From Cormac McCarthy's The Road, trace the references to dreams and the accumulated effect of these on the reader?
The Road by Cormac McCarthy traces the steps of a father and son (the mother commits suicide) as they search for safety after an apocalyptic event. It opens as the man wakes from a dream where a creature with "dead eyes" is uninterested in them who are "like pilgrims in a fable swallowed up and lost among the inward parts of some granitic beast." The reader is introduced to the desperate situation right away. There is no explanation as to how they came to be in this predicament. The dream and the reality are almost the same and "you forget what you want to remember and you remember what you want to forget." The days are all the same.
When the man dreams of his wife - his "pale bride" - he is cautious as he knows he must survive for his son's sake. He expects his dreams to be "dreams of peril" because how could anyone dream peaceful, satisfying dreams. He forces himself to wake from dreams of bliss and blue skies, trusting nothing as "all else was the call of languor and of death." He cannot escape daydreams, especially of his wife but must be harsh and recognize the memory: " Freeze this frame. Now call down your dark and your cold and be damned." The reader is gripped by his determination.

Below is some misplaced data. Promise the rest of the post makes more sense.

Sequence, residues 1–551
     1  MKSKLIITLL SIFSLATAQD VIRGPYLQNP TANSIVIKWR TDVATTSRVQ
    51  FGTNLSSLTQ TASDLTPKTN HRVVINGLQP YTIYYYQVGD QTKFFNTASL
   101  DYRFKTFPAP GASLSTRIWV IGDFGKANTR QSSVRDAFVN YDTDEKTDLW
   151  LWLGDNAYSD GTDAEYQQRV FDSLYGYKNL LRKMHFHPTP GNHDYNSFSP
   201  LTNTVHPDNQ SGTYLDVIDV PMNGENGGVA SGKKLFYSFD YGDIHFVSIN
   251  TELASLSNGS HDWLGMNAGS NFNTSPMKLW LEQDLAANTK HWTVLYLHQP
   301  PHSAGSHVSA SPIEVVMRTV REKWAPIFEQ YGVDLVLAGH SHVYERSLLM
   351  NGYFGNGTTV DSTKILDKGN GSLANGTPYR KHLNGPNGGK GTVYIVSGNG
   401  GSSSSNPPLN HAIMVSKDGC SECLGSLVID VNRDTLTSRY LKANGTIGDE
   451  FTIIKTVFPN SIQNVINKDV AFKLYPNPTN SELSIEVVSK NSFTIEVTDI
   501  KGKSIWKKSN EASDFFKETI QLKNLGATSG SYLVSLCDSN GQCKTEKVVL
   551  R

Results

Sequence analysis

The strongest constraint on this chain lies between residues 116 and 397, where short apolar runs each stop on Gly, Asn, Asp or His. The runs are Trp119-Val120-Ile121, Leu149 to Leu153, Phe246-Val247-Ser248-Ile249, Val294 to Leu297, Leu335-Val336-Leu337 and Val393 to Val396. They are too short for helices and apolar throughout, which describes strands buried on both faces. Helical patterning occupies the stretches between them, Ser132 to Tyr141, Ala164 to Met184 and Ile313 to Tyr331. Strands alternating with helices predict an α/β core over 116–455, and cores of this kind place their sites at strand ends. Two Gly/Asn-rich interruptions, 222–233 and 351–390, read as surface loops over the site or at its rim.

Death is personified and out to trick him with colorful dreams - "How else would death call you?" The reality turns "to ash instantly." Dreams cannot be trusted and the dream where the man cares for his sick wife is not to be believed-"there is no other dream nor other waking world and there is no other tale to tell." The reader is held in suspense by the description of his dreams and his fight to stay alert for his son's sake.
The boy's dreams haunt him and he seeks to understand them but there is no explanation. The boy recalls his home but it is a scary dream of a wind-up penguin. The memory of his home should be a happy one but the reader can tell that the boy was probably too young to remember much and now when he dreams of the penguin, it is chasing him without being wound up. The boy's life of running and hiding and always being afraid is the only one he knows.
The reader feels sympathy and the fact that the wife, despite his begging, will not help him. He recalls her despair. She says,"I dont dream at all" and she refuses to help him search for something that she feels does not exist.
As they continue, they are in constant danger and the father is vigilant although sometimes he lets his guard down. One of his recurring dreams is of his son on "a cooling board" and this thought ensures he stays awake "for fear the dream would return" as he recognizes his own despair.
The reader has now become engrossed in the man's life of "borrowed time and borrowed world and borrowed eyes," feeling the pain. There are dreams that he does not wish to wake from "rich dreams" and the reader can feel the intensity and relief- even momentary- that these dreams bring. The reader is also relieved.
The boy's dreams continue to highlight his fears and in them, he cries. The man needs to reassure him that there are "good guys." The boy is somehow reassured by the fact that his dreams are "bad" dreams as his father says "good dreams" are "not a good sign."
Even the man's own dreams "brighten." Although wistful, he is not so angry and, despite his own impending death, he wants to be sure that the boy's dreams do not overtake reality because "when your dreams are of some world that never was or some world that never will be...then you'll have given up."